The structure of this class doesn’t eliminate hierarchies or make it possible for everyone to contribute equally or in the way that suits each one best. The structure favors some forms of participation and pushes participants in directions that may be difficult or even intellectually uncomfortable (without I hope ever being stressful). I don't think it's possible to fully balance the range of needs/desires/abilities in any seminar group. But I want to be as explicit as I can about my criteria for what get discussed in class sessions. For some students, often those new to modernist and contemporary poetry, posting to the list can be difficult, especially if you compare yourself to others, who may be more engaged or more familiar with the reading. There is no solution to this but I recommend … doing the best you can and asking questions when possible (or using the Poem Profiler!) Class discussion are often dominated by those whose posts 1) ask questions with the request that we respond in class, 2) raise problems with the reading, and, primarily, 3) elucidate or make most palpable the work of the poets being read. I take my cues from the listserv discussion, so if something doesn't come up in the posts, it's less likely that it will come up in class. Class discussions are overly weighed toward those posts that speak substantively about the reading. This is not a lecture course and it does foster a dialog, but often among those who have been more explicit in their responses or raise concerns/interest in class. The seminar is a much a course in writing as reading. It’s easy to feel silenced or sidelined if you don’t make your concerns present on the list discussion before the class or make a point of intruding into the discussion (interruption always welcome!). I’m convinced that there is as much to be learned from the listserv posts as reading professional commentaries, so the list is a constant “teach-in” on each poet. And as much as I am interested in the views and reactions of each seminar member, my primary focus is on the poets’ work under discussion and not on the discussion itself.

Extensions: You will see that through the syllabus, there are a number of readings marked "Extensions." These are primarily to guide further reading after the class is finished. These reading are OPTIONAL! However, you may wish to substitute one of these for an assigned set of readings or provide responses to these reading as extra credit.

Grades
The most important requirement is attendance and participation at all class meetings. Grades will be based primarily on responses, experiments, and class participation.

In order to get an A or A-, at minimum, 11 of the 13 assignments need to be posted by Sunday at noon of the weeks they are due (or, if breaking the posts into two parts, the second part posted by Wednesday at 8pm) (any late responses need to be posted within one week). At the midterm and final I will ask you to send me a total of the number of posts and when posted, so please keep track.

You may also wish to do supplemental work for the class, for example extra responses to the optional "extensions" reading or a final or semester project. But this is not necessary for those of you who do a thorough job with the weekly assignment. There is no final exam or paper in this class.

All work is due one week following the last class, but it is preferable to have it all finished by the final class.

Generally, I will not give a grade for your responses each week or even a mid-term grade. If there is a problem, I will let you know; otherwise, the aim in engagement and conversation, not agreement or right answers. If your response is fine, I will often simply say so; while I do read all the responses carefully, I do not always make extensive comments. If your midterm grade falls below "B-" I will notify you of a possible grade problem. If you don't get such a notice, you can assume your grade is above "B-". If you require more detailed information about your grade, email me.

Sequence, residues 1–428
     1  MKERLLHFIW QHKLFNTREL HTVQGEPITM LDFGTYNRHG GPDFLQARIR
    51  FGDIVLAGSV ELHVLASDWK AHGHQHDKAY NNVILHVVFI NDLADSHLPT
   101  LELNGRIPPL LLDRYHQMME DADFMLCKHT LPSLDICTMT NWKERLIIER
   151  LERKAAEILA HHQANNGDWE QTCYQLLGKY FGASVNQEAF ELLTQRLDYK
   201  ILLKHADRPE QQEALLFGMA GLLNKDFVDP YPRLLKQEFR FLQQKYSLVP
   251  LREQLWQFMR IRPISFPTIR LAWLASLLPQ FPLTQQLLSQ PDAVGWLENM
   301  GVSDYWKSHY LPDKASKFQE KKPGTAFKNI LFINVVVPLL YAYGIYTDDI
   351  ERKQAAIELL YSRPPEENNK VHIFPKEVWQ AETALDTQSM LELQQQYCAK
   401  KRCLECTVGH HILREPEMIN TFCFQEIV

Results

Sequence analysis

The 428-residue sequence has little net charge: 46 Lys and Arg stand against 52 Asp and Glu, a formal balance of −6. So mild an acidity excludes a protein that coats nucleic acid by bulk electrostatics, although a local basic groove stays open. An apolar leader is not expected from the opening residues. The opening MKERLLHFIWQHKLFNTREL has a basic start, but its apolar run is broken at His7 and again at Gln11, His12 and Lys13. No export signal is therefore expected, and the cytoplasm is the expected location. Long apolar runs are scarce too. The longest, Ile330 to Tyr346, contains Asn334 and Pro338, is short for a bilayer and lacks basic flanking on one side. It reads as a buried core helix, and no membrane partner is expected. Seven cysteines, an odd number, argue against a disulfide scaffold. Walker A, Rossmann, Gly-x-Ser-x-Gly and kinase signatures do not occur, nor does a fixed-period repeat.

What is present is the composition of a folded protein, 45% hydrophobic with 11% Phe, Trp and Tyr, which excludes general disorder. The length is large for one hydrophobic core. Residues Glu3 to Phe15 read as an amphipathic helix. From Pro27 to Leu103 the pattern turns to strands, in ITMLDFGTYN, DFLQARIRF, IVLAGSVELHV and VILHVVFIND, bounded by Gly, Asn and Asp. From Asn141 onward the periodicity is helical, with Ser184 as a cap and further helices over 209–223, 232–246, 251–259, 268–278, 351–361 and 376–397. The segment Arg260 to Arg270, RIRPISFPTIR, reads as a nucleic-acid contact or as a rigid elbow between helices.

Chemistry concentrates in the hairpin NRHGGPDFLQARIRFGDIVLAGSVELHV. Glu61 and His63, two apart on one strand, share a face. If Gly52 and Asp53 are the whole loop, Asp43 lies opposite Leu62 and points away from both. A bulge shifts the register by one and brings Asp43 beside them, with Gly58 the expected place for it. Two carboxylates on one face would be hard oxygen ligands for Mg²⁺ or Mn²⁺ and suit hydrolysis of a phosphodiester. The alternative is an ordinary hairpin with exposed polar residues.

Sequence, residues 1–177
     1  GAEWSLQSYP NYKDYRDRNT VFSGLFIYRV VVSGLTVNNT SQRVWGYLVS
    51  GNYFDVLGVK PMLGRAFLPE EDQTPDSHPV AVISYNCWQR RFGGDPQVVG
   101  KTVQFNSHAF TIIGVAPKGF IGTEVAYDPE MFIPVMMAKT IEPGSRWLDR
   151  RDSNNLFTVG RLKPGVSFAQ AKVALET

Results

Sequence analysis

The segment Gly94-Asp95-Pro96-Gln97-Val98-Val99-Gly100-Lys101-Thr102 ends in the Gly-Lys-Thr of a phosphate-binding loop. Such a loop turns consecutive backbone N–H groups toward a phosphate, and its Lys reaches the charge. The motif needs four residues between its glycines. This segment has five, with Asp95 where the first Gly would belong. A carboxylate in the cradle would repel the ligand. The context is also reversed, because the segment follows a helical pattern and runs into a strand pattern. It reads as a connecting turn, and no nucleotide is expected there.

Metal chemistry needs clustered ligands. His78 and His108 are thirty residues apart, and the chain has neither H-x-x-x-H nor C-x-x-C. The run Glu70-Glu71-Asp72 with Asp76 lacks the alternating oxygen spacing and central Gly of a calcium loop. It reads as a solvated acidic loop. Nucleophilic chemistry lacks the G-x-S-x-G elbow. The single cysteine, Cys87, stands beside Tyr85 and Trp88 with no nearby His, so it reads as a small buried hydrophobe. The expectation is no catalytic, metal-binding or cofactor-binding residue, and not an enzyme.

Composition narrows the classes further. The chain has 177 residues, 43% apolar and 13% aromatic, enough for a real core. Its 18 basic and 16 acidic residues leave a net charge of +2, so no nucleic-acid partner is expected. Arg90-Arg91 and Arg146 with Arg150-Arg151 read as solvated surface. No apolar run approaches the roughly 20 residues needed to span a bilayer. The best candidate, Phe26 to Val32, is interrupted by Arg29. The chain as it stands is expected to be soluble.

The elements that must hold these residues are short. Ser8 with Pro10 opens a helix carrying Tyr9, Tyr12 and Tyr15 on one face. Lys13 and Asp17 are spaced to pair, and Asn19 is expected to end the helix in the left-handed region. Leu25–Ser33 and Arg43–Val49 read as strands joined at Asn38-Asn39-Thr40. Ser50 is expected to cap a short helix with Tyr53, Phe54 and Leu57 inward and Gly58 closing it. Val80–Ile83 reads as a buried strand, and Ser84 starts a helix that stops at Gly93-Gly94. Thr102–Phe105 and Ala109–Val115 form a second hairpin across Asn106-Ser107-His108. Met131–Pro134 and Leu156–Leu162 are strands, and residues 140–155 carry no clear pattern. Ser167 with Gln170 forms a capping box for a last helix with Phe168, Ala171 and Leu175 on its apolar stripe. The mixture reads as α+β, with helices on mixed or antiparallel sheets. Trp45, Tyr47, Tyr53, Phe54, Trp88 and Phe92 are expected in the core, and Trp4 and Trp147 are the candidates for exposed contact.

Mid-term assessment. A good way to assess how you are doing is to consider how you might have reacted to the reading you are doing now, versus six months ago. In other words, is the class giving you a way to respond to a wide range of poetry in a way you didn't have available previously? That's my criteria for if the class is working, if I am doing what I can, and if you are doing what you can. I would welcome you to email your assessment.

Response to Frequently Asked Question:
Grading for this class is not based on competition with the other members of the class or on objective standards of quality that apply equally to everyone (in other words, the class is not graded on curve). As Blake says: “One Law for the Lion & Ox is oppression.” Those for whom this is a first modern poetry (or modern art) class will not be expected to provide the same kind of responses (at least in the first half of the course) as English majors with a some experience reading poetry. But this is not to say that the responses of those new to modern poetry will not be, or should not be, as valuable or good or insightful as the responses of more experienced hands. The primary grading criteria would be better described as how much you are learning from the course; everything about the course is designed to maximize the amount you can learn about this complex field in a very short period of time.

A Note on Sound Files
Often, specific PennSound files are listed on the syllbus: links ot particular poems and texts or interviews. If no specific file is listed and you are sent to the PennSound author page, please write to the list to ask for recommended files if you feel some recommendations would be useful!
Most of the sound files that are listed on the syllabus are MP3s—you can download them to your computer and they will play in almost any media player or portable MP3 player. Some of the files are our "Protected" media server; to access these files, you will need to be registered for the course and have a PennKey. These files are for your personal use only during the course of the semester; do not copy them and please delete them by the end of the semester. Note: the files you find on PennSound pages are available to everyone for noncommercial and educational exchange — only the files in the "protected" area, which require PennKey access, have the restrictions on copying or retaining. If a sound files is not working, please email me immediatey and I will try to get the problem fixed.

PLEASE KEEP IN MIND that the audio text of a poem may differ from the written text; in some cases, there will be audio files without corresponding texts; in those cases, respond simply to audio, treating it as a work in its own right. If you wish more informaiton about a particular poem, please ask.